USA Gas Prices Hit 14 Year Seasonal High
U.S. gas prices hit at a 14-year seasonal high as the country battles persistent high temperatures and resultant soaring cooling demand for gas.
That’s what Rystad Energy Analyst Karolina Siemieniuk highlighted in a market note sent to Rigzone late Tuesday, which outlined that Henry Hub gas prices rose to $8.99 per MMBtu on July 26, before falling to $8.283 per MMBtu on August 1.
At the time of writing, Henry Hub gas prices were hovering just under $8 per MMBtu. The commodity closed above $9 per MMBtu in June but dipped to under $6 per MMBtu in July.
In the note, the Rystad analyst pointed out that, in the west, prolonged droughts and reduced hydro-electric generation had contributed to elevated gas use.
“At the same time, the U.S. has become the largest LNG exporter, with 42 million tons of LNG exported in the first six months of 2022, about six million tons more compared with the same period last year,” Siemienik stated in the note.
“The U.S. has since mid-June not been exporting at its full capacity due to the ongoing outage at the Freeport LNG facility in Texas, which has affected 15.3 million tons per annum of capacity. Despite this outage … current U.S. gas inventories are below the five-year average and last year’s number,” the analyst added.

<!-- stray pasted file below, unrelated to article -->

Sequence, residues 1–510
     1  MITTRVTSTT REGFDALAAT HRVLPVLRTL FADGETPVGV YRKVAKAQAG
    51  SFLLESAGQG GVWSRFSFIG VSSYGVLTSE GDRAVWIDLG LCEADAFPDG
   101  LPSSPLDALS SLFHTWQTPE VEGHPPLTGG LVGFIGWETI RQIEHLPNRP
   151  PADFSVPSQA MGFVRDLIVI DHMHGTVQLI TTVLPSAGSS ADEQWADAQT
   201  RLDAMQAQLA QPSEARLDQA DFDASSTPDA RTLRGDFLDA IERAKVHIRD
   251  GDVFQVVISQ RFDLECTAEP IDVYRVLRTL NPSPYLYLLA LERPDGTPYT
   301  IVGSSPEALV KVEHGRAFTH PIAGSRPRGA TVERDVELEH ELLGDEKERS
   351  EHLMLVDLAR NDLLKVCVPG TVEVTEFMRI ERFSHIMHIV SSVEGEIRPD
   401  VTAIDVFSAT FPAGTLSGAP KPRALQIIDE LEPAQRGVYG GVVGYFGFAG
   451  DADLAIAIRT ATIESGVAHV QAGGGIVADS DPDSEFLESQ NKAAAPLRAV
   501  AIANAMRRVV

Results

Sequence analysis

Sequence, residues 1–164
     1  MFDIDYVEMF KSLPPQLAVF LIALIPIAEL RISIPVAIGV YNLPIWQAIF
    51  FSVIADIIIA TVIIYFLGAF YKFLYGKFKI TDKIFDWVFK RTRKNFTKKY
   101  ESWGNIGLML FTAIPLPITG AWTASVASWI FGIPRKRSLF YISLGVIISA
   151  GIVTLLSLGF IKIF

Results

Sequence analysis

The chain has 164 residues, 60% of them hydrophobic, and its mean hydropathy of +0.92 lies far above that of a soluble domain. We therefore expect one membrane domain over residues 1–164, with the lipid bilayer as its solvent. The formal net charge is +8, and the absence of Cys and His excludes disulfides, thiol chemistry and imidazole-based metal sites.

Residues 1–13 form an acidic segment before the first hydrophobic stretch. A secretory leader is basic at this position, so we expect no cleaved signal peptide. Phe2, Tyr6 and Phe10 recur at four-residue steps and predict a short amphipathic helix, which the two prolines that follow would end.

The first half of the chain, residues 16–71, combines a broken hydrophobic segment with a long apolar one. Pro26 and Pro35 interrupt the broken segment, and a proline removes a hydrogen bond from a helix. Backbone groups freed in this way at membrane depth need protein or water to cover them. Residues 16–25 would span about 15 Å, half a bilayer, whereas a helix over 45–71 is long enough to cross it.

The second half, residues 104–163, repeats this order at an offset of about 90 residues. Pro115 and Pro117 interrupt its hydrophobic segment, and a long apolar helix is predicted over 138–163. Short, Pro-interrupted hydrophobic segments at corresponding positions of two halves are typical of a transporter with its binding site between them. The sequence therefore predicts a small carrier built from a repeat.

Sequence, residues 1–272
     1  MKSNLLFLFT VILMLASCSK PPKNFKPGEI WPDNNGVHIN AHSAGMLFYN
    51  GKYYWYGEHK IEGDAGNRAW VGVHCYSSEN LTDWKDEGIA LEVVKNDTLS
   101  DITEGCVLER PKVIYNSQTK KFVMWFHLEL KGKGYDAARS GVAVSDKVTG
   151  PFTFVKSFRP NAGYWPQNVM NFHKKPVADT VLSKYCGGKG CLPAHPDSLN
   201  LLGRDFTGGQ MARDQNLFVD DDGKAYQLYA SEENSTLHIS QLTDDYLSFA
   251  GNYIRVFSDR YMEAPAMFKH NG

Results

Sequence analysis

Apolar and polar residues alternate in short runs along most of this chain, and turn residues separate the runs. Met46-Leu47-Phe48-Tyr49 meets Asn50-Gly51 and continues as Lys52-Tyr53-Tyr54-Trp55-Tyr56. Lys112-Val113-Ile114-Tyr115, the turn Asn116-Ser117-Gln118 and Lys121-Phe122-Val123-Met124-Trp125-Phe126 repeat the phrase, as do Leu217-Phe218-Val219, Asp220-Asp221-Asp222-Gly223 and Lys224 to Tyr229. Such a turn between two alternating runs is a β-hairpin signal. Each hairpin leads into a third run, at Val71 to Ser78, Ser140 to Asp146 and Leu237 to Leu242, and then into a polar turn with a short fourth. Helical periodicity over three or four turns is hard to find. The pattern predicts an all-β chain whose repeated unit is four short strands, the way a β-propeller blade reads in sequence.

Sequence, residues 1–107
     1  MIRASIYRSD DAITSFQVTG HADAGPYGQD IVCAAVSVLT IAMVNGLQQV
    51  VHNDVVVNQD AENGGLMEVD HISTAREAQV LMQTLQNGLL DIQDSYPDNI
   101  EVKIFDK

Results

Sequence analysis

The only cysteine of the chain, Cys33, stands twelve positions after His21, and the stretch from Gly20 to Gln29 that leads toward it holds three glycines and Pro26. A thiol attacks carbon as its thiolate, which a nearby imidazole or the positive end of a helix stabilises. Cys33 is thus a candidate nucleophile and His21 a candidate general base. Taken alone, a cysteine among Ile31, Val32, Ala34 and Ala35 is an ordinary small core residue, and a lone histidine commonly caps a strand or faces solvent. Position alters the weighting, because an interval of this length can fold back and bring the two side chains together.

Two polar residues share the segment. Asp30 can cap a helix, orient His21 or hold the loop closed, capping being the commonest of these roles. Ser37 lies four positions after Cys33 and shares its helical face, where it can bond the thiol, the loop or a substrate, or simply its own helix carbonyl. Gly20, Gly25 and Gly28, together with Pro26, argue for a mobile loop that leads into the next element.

“U.S. underground storage as of week 29 (July 22) was at 2.416 trillion cubic feet, which is 260 billion cubic feet below last year’s level. In the absence of the Freeport LNG outage, gas inventories could have been even lower and prices in the U.S. even higher,” Siemieniuk continued.
The analyst also warned in the note that, “with Europe still scrambling for LNG, prices are likely to stay elevated for the near future”.
In a separate market note sent to Rigzone on July 26, Siemieniuk noted that the Henry Hub gas price settled at $8.7 per MMBtu on July 25 due to further cuts to Nord Stream 1 supplies to Europe and an upward trend of gas-for-power demand for cooling usage during the “blistering summer”.
“It is reported that current gas-for-power demand is projected to average about 40 billion cubic feet per day in late July and the U.S. could require more domestic gas consumption in the coming weeks if a heatwave persists in Midwestern states,” Siemieniuk warned in the note.
In another market note sent to Rigzone on July 13, Rystad analyst Ryan Kronk highlighted that Texas was grappling with another heatwave, with highs reaching 114 degrees, “placing extreme pressure on a power grid that has come under scrutiny in recent years for its ability to handle increased demand”.
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